Impact of COVID-19 on international migration

Since January 2020, governments have imposed international travel restrictions in multiple countries, due to the spread of COVID-19 around the world. In March 2020, the New Zealand government introduced further measures to protect New Zealanders from the COVID-19 virus, effectively limiting travel to New Zealand and travel within New Zealand.

The comparisons between the September 2019 and 2020 months and years use the latest provisional estimates for each period.

The provisional estimates have 95 percent confidence intervals (±) beside them – the wider the interval, the greater the uncertainty about the estimate. However, these intervals reflect the model uncertainty, not the extent of future revisions to provisional data.

Provisional migration estimates are revised each month until they are finalised after 16 months. Migration data transformation has more information about the migration estimates, including the 12/16-month rule.

Annual

Year ended September 2020 (compared with year ended September 2019) provisional estimates were:

  • migrant arrivals – 130,100 (± 1,400), down 12.1 percent
  • migrant departures – 62,300 (± 600), down 29.7 percent
  • annual net migration gain – 67,700 (± 1,500), up from 59,400 (± 200).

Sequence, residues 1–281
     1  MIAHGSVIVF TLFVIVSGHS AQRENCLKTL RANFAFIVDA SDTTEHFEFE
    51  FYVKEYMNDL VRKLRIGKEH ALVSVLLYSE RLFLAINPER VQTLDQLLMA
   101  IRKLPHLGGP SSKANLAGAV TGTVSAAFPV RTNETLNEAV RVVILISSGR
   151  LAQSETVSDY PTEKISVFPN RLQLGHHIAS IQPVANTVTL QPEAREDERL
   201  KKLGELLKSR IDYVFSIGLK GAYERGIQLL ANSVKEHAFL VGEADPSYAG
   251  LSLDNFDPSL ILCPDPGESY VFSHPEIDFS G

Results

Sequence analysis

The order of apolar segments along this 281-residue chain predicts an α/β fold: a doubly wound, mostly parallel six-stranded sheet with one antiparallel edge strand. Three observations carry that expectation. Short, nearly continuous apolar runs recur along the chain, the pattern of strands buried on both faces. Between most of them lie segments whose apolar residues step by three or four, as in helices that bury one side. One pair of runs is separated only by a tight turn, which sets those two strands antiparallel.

For migrant arrivals in the September 2020 year, New Zealand citizens were the largest group with 44,000 (± 600) arrivals. The next largest groups were citizens of:

  • India – 13,200 (± 300)
  • China – 8,500 (± 200)
  • South Africa – 7,100 (± 100)
  • United Kingdom – 6,600 (± 100)
  • Australia – 5,900 (± 200)
  • Philippines – 5,000 (± 100).

For migrant departures in the September 2020 year, New Zealand citizens were the largest group with 20,300 (± 300) departures. The next largest groups were citizens of:

  • China – 10,700 (± 300)
  • India – 4,900 (± 100)
  • United Kingdom – 3,500 (± 100)
  • Australia – 2,800 (± 100).

Month

September 2020 month (compared with September 2019 month) provisional estimates were:

  • migrant arrivals – 2,900 (± 200), down 80.7 percent
  • migrant departures – 2,100 (± 200), down 69.2 percent
  • net gain – 800 (± 200) migrants.

Implications of worldwide travel restrictions on recent migration estimates